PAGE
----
Saturday, February 14, 2015


Eerie Archives Volume 1 : edited by Archie Goodwin; written by Archie Goodwin and others; illustrated by Wally Wood, Steve Ditko, Reed Crandall, Gene Colan, Johnny Craig, Alex Toth, Angelo Torres, and others (1966-67/collected 2009): Warren Publishing's magazine-sized, black-and-white comics anthologies survived from the 1960's to the early 1980's. Their creative heyday came early, however, when a young Archie Goodwin edited and wrote an awful lot of stories for Creepy, Blazing Combat, and Eerie.

One can see the over-worked Goodwin grow as a writer in this collection of the first five issues of Eerie. However, it's the art that's the star here (and throughout the Warren anthology books, at least during the 1960's). 

Eerie was one of the places Steve Ditko (co-creator of Spider-man and Dr. Strange) landed after he left Marvel in the 1960's. He plays around with washes in his work for Warren, and it's lovely stuff, adding a new dimension to the work of one of the ten finest artists produced by American comic books. 

Veteran artist Reed Crandall also found work at Warren, and his meticulous, fine-lined artwork worked best on period pieces. There's a somewhat silly story about a mummy in Victorian London included here that's elevated by Crandall's artwork to the status of a minor masterpiece. Crandall's work on adaptations of stories by Poe and, perhaps most memorably, Bram Stoker's "The Squaw," is wonderful stuff that merits a Crandall-specific reprint anthology.

Other artists also found ways to express themselves at Warren, free of the choke-hold of super-heroes and lousy colour reproduction. Gene Colan's stories in this collection demonstrate that he was always better when he didn't have to worry about super-heroes but could instead be moody and demotic. Angelo Torres, perhaps unjustly neglected, also did fine work on these short tales of horror.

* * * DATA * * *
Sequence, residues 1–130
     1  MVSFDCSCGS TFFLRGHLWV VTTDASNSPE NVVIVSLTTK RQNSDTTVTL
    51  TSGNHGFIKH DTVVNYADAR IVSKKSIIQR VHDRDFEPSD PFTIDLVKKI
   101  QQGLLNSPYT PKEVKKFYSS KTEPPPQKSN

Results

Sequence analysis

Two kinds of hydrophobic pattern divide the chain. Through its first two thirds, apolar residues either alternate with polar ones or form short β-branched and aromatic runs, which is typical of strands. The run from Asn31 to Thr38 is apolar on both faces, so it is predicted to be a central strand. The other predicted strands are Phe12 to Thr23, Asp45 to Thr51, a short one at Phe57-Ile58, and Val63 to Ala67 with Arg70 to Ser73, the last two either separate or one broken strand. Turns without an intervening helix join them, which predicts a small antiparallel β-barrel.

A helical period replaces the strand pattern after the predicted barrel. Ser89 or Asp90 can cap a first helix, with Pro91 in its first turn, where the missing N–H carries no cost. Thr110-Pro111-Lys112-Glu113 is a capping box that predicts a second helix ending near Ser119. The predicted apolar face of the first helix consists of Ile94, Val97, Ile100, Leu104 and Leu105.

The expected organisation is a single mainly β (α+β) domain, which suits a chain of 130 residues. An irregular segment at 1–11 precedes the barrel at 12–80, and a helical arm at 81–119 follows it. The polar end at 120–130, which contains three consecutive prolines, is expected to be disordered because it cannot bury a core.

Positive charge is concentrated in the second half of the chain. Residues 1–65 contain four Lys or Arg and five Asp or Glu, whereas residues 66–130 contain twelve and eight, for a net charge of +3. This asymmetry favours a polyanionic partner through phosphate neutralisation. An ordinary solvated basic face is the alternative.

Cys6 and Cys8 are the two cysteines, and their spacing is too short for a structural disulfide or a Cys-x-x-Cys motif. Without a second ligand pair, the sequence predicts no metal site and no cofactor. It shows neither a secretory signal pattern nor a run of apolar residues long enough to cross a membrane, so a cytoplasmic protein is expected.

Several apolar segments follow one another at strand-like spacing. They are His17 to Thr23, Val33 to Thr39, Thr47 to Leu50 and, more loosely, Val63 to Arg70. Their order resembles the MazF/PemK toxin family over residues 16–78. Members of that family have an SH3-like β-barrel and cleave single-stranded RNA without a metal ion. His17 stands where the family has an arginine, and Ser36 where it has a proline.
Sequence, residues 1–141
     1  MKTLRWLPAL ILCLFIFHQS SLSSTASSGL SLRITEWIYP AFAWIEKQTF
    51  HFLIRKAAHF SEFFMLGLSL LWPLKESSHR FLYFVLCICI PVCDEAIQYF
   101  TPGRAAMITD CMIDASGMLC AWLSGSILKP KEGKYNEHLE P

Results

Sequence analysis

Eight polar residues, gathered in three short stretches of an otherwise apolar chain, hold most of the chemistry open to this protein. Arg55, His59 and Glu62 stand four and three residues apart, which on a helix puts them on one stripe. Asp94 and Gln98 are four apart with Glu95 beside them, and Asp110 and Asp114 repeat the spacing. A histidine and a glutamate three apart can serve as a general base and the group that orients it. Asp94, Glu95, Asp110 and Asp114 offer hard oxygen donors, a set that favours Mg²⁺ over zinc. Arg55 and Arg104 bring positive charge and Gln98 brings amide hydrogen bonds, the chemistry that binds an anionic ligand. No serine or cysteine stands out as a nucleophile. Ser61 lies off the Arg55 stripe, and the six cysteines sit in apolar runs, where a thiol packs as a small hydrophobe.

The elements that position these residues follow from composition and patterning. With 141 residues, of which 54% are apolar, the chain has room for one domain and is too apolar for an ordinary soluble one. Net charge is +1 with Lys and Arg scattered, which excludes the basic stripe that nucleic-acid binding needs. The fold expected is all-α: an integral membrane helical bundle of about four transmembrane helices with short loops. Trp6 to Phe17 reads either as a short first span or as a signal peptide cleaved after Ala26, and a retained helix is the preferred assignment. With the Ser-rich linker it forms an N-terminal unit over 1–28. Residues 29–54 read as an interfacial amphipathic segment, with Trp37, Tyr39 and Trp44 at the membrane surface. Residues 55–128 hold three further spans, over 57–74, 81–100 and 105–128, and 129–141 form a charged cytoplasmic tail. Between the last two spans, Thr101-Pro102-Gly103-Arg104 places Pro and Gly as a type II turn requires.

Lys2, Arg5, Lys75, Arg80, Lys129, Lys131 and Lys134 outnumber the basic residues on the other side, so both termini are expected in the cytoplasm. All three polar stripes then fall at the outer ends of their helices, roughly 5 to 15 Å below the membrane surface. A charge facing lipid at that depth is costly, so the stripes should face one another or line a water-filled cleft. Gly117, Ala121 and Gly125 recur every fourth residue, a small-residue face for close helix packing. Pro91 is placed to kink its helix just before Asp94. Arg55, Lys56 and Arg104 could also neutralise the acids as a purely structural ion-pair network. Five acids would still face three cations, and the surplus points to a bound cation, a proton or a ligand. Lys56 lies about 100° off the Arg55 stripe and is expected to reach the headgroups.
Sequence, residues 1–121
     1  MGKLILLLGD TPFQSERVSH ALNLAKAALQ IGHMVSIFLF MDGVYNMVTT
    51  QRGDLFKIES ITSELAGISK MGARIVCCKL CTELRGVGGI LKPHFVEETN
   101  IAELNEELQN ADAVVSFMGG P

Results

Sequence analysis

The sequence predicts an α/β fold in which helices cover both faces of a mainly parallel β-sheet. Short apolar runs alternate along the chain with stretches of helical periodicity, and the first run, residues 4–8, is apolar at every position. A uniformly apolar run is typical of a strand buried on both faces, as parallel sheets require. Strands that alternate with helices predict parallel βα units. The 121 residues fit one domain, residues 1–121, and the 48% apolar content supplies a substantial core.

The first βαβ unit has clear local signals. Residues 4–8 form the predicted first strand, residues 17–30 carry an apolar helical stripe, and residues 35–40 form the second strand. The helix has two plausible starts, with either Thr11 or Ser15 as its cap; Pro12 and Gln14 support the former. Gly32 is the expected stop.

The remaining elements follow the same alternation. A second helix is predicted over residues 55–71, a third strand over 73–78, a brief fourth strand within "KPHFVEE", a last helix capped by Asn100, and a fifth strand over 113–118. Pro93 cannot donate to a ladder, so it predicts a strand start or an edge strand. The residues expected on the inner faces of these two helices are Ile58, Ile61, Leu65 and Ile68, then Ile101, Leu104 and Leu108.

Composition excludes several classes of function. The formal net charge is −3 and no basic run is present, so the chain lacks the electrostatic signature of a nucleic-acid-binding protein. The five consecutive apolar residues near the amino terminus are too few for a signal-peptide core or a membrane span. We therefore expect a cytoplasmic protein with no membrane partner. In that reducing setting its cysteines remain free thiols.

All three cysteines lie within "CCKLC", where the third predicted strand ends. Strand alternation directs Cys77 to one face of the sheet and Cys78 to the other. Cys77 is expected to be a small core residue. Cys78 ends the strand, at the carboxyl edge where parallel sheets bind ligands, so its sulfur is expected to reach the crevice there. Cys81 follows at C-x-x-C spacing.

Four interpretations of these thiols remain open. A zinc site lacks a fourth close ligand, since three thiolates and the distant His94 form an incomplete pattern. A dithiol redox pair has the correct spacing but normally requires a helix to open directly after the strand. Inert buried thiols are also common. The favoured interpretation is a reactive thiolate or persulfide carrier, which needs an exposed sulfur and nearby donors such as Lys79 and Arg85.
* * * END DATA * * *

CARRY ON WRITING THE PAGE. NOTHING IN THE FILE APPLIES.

And as a bonus, Wally Wood produced some one-page bits, while that towering force of paperback covers, Frank Frazetta, produced a number of covers for Eerie. One of the covers in this volume gives away what seems to have been intended to be a surprise in the story it was drawn for. So it goes. 

Eerie and Creepy tried to emulate the great EC horror comics of the 1950's. The writing may not have always been top-notch -- Archie Goodwin and the other writers simply weren't capable of the extraordinary heights of the EC writers, though Goodwin's work on Blazing Combat was far superior to his horror work. The art, though, is terrific. You may not want to pay full list price for this or other Warren horror volumes (I know I didn't), but they're certainly worth a look if you can avoid bankrupting yourself on them. Recommended.

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